How Desperate Chinese Officials Try to Stave Off the Authorities

Caught in the cross-hairs of Party investigators, officials have resorted to a variety of methods to resist their coming downfalls.
How Desperate Chinese Officials Try to Stave Off the Authorities
In an April 16, 2004, file photo released by China's Xinhua News Agency, Yu Zhendong, right, is arrested by Chinese police. Chinese officials have gone to great lengths to avoid capture. (AP/Xinhua, Yuan Man, File)

Caught in the heated anti-graft campaign under the Chinese Communist Party’s central authorities, corrupt officials have resorted to a variety of methods to resist their investigations and coming downfalls.

Ploys ranged from the predictable—offering the investigators bribes—to the outright desperate—hiring fortune tellers to convince them of their safety.

‘Coming Clean’ While Taking Bribes

In 2006, to make himself appear like an upright statesman, Hong Jinzhou, formerly mayor of Kaili in Guizhou Province, began handing in bribe money to the government. Hong set up a bank account for officials, including himself, to deposit cash they had received from others in bribes but could not turn down directly.

The apparent good samaritan, however, was not putting all the bribe money into the transparent account. While Hong had turned in over 55 million yuan (about $9 million) by 2013, anti-corruption inspectors discovered a missing 20 million yuan in his parents’-in-law basement, state-run Beijing News reported.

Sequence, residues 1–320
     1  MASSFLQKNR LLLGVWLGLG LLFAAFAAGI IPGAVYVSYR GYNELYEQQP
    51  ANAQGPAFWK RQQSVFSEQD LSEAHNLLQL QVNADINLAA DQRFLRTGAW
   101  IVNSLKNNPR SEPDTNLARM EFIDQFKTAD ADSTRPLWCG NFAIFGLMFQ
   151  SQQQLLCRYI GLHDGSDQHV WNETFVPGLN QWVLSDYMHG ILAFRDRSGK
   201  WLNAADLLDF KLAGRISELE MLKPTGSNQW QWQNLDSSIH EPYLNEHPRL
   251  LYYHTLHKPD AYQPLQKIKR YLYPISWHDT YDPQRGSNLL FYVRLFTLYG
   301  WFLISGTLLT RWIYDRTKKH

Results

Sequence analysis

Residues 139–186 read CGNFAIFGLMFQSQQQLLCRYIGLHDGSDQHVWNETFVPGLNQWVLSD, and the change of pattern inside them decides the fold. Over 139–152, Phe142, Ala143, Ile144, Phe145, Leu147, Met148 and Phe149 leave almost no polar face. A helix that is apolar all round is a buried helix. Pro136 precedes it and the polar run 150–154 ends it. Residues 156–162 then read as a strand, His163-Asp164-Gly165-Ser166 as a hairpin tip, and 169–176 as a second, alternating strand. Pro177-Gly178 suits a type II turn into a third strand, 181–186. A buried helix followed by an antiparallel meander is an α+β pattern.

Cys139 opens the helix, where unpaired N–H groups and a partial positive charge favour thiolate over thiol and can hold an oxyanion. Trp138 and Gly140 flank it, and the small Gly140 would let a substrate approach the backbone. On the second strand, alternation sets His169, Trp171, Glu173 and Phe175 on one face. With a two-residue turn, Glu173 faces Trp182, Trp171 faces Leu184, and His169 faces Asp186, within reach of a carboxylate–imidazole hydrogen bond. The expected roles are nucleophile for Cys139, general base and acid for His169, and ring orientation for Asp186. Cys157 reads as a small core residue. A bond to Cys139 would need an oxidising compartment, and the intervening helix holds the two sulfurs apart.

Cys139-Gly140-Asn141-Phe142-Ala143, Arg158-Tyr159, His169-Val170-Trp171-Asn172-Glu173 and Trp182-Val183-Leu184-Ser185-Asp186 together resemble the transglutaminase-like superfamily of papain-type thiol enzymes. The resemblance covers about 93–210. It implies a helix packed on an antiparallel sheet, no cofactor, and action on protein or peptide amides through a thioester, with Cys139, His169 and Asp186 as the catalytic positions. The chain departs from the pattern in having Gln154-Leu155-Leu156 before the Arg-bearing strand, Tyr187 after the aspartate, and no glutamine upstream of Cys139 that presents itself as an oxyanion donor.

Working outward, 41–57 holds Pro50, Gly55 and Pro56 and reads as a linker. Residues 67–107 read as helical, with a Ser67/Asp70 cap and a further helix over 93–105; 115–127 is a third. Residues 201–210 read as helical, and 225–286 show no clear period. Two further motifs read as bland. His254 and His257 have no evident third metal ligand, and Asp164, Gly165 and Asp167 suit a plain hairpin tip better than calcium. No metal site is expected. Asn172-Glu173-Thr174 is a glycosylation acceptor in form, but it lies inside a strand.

Hong, who was put on trial in April, confessed that his true intention was to absolve himself of suspicion as well as to cope with his own fear.

Fleeing Into a Market

When Jin Jianping, former party secretary and chairman of the Tianjin Gas Group company, received advance warning about his coming investigation by the municipal anti-corruption agency, he immediately made for the airport. Unwilling to go through security, Jin then turned to another path of retreat.

Soon afterwards, police in a marketplace arrested what at first glance appeared to be a poor elderly man wearing a patch-up hat and riding a freight tricycle. Jin was revealed when the police discovered the 1.5 million yuan (about $240,000) he was transporting with him, the Beijing News report said.  

‘I’ll Throw You Out the Window!’

Chinese officials often see themselves as above the law, and are known for using intimidation to achieve their aims. Anti-corruption staff have reported receiving threats delivered via letters and phone calls. In November 2014, Long Xiangyang, former director of a county Industrial and Commercial Bureau in Hunan Province, fell under investigation, according to the state-run China News.

Trying to scare the anti-corruption inspectors reviewing his bank account information, Long shouted “I'll throw you out the window!” at them.

Bribing the Investigators

In August 2005, the state-run Dahe newspaper reported that Hu Zhizhong, formerly the chief procurator of Henan Province’s Zhongyuan District, had bribed multiple individuals working on his corruption case, including the investigators and court staff. Hu’s family also assisted by bribing other officials to help support him.

When higher authorities discovered this, they set up an auxiliary inspection team to oversee the original one.

Help From a ‘Grandmaster’

In March 2000, Li Zhen, an official in Hebei Province, consulted a fortune-telling grandmaster. A few days prior, Li, who like many other Party officials in modern China was a fan of mystical practices such as Feng Shui, had overheard other people talking about him before an upcoming a provincial committee meeting and worried for his career.

The “grandmaster,” speaking to Li by phone, assured him that he was in good hands. At the meeting, however, Li was immediately placed under investigation, Beijing News reported.